Robert Loughlin, a painter and design expert who was a leading source of Modernist pieces throughout the 1980s and ’90s in New York, died on Sept. 27 at the age of 62. The cause of death was being hit by a car while crossing a road near his home in North Bergen, N.J.
Mr. Loughlin was crossing the road because he had been feeding stray kittens that resided across the street, according to his longtime partner Gary Carlson, The Hudson Reporter reports.
The New York Times has this to say about the design maven:
“Equal parts artist, art historian, scavenger and horse-trader, Mr. Loughlin schooled a generation of collectors in the high quality of half-forgotten Modern and midcentury designers — not by writing or lecturing about them, but by scouring flea markets and thrift stores for discarded pieces of their work, and selling them.”
The Times goes onto quote Vincent Fremont, a Warhol associate and founding director of the Andy Warhol Foundation: “Andy bought so many chairs from him… his nickname for Robert was the Chairman.” Basquiat and Mapplethorpe were also customers of Mr. Loughlin, who for a time ran a gallery in the East Village. “Mapplethorpe loved him,” Mr. Carlson told The Wall Street Journal. “He’d grab him and take him into his darkroom all the time and leave me standing out there.”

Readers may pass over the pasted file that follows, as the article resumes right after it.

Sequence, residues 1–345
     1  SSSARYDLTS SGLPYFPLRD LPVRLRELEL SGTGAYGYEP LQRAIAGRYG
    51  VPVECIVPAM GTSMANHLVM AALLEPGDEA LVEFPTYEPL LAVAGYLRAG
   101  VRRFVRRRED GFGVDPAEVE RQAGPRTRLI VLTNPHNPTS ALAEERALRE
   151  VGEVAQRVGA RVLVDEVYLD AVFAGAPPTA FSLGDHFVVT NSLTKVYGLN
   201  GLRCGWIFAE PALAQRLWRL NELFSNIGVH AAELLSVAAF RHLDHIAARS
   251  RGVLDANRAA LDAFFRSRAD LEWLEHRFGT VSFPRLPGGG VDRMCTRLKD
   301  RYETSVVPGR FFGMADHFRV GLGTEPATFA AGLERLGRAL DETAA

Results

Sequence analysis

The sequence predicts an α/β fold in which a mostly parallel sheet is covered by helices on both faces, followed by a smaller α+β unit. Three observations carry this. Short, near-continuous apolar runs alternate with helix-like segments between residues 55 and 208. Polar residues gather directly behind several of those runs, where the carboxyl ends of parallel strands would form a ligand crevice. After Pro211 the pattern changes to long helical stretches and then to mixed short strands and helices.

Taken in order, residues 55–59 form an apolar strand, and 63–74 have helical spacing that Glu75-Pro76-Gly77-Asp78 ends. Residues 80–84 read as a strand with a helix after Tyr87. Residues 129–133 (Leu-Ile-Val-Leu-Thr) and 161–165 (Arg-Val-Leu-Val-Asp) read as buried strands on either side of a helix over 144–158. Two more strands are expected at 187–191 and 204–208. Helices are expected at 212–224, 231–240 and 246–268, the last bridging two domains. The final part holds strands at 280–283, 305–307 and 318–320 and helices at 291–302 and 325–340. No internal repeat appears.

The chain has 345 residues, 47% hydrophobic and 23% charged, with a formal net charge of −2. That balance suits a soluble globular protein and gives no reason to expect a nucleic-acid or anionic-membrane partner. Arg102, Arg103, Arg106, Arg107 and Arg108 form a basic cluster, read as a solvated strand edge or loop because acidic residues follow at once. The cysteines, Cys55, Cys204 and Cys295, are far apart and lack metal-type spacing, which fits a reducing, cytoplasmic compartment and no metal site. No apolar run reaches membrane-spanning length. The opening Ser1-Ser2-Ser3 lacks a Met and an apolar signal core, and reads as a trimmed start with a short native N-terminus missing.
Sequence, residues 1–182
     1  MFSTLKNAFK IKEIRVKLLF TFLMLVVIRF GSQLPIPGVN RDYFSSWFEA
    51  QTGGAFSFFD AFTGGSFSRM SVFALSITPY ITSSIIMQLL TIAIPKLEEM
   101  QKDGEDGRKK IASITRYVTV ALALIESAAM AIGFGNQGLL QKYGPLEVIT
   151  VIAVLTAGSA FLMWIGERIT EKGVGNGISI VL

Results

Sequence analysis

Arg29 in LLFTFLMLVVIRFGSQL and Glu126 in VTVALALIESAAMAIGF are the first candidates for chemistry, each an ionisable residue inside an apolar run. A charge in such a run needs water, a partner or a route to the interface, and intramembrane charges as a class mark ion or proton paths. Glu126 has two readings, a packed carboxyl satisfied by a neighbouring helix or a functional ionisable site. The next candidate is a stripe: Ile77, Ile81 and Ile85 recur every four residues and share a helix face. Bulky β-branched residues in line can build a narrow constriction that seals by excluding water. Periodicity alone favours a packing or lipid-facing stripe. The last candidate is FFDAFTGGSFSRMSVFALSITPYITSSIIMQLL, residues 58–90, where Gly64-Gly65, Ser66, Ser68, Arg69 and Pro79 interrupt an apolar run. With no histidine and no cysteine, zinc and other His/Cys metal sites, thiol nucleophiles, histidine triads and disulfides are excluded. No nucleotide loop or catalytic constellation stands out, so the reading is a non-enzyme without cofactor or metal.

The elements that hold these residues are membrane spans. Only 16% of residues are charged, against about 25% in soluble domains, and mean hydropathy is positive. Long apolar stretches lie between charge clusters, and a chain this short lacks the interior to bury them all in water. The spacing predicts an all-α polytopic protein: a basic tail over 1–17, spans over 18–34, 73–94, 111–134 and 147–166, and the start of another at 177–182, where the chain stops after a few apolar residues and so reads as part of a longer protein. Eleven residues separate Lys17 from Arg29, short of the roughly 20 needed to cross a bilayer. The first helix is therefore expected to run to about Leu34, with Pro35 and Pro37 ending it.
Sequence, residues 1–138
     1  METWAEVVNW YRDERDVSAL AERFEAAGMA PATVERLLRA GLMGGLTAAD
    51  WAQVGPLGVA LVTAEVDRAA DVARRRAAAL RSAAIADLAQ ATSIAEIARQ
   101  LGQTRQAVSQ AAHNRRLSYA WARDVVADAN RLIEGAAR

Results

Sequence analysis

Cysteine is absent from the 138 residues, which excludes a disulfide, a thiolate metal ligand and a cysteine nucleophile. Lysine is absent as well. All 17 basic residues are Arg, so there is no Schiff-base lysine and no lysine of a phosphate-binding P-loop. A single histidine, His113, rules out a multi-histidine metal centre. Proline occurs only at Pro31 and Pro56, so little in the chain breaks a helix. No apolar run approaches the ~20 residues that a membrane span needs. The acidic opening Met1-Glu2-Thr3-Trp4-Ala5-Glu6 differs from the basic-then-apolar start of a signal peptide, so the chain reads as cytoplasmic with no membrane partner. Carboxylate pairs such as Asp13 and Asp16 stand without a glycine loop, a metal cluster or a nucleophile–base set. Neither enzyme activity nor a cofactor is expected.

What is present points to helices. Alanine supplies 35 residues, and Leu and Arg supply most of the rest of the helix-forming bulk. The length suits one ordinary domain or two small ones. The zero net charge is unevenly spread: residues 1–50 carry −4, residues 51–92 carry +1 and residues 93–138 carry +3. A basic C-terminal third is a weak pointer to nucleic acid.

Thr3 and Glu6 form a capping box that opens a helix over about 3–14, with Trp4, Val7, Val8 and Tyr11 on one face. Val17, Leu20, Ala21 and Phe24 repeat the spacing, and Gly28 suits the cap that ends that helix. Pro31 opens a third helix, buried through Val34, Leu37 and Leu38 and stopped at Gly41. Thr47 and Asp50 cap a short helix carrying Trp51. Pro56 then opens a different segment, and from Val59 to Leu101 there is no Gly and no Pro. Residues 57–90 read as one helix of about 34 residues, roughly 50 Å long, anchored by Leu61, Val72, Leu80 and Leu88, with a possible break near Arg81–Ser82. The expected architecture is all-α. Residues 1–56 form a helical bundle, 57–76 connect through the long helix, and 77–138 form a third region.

Mr. Loughlin’s most famous discovery was finding a Salvador Dalí portrait in a Salvation Army store in downtown Manhattan. After purchasing it for $40, he sold it at auction for $78,000.
Mr. Loughlin also painted throughout much of his adult life, often depicting a burly character that he titled “The Brute,” based on Mr. Carlson, whom he met at a gay bar in Manhattan called Boots and Saddles in the 1980s.
The Journal also shares information Mr. Loughlin’s final evening:
“The night before his death, they had visited Soho, where Loughlin posed for photos next to work by his favorite artist, Man Ray, in a dealer’s home. They also visited Moss, who Loughlin had always emulated and who Carlson called ‘the Mount Everest of design.’”